Covid-19 response of an additive manufacturing cluster in Australia
Supply Chain Management
Purpose: The sudden arrival of Covid-19 severely disrupted the supply chain of personal protective equipment (PPE) in Australia. This paper aims to examine the development of a geographical cluster, which, through the application of additive manufacturing (AM), responded to the PPE supply crisis. Design/methodology/approach: This longitudinal case study focuses on an AM cluster, which was developed to supply PPE in a responsive and flexible manner from 2019/2020. The study gathered data over three stages of cluster evolution: pre, during and post-peak Covid-19. Findings: The type and nature of exchanges between organizations involved in the cluster established important insights into success factors for cluster creation and development. Using an established complexity framework, this study identifies the characteristics of establishing a cluster. The importance of cluster alignment created initially by a common PPE supply goal led to an emerging commercial and relational imperative to address the longer-term configuration after the disruption. Practical implications: Clusters can be a viable option for a technology-driven sector when there is a “buzz” that drives and rapidly diffuses knowledge to support cluster formation. This research identifies the structural, socio-political and emergent dimensions, which need to be considered by stakeholders when aiming at improving competitiveness using clusters. Originality/value: Covid-19 has rapidly and unexpectedly disrupted the supply chain for many industries. Responding to challenges, businesses will investigate different pathways to improve the overall resilience including on-/near-shoring. The results provide insights into how clusters are formed, grow and develop and the differentiating factors that result in successful impacts of clusters on local economies.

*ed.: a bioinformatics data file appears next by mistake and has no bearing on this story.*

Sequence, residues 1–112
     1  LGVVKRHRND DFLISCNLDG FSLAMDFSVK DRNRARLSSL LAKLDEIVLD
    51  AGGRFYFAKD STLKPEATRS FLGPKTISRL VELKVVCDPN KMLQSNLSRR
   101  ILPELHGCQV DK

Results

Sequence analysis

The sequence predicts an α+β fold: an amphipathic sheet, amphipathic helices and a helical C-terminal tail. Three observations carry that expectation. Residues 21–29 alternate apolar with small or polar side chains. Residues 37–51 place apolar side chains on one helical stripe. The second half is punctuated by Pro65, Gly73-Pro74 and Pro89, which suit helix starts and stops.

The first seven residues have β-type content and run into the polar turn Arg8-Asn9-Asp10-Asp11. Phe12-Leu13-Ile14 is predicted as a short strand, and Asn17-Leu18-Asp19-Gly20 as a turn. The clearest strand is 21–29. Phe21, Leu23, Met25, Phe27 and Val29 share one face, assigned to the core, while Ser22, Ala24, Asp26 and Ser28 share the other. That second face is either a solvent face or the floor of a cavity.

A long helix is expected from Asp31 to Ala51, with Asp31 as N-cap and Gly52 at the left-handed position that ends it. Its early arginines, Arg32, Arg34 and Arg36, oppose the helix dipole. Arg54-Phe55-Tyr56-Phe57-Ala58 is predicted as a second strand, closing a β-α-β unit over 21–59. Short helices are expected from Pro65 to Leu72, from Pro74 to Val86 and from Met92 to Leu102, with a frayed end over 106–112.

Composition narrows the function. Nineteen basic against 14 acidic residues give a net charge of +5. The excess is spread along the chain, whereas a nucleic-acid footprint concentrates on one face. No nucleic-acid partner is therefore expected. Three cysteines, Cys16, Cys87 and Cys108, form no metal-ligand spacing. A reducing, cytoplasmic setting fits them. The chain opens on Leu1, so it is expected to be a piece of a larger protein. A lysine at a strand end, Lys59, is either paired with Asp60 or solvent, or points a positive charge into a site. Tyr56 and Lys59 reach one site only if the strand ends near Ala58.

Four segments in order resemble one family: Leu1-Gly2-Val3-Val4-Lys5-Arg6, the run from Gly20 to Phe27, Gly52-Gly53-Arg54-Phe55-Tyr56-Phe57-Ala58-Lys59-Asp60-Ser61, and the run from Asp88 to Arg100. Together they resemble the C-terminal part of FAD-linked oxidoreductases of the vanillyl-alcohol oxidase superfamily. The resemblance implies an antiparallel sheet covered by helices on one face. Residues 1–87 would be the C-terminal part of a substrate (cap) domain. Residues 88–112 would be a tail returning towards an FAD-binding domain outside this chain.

Open Access Status
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Australian National Fabrication Facility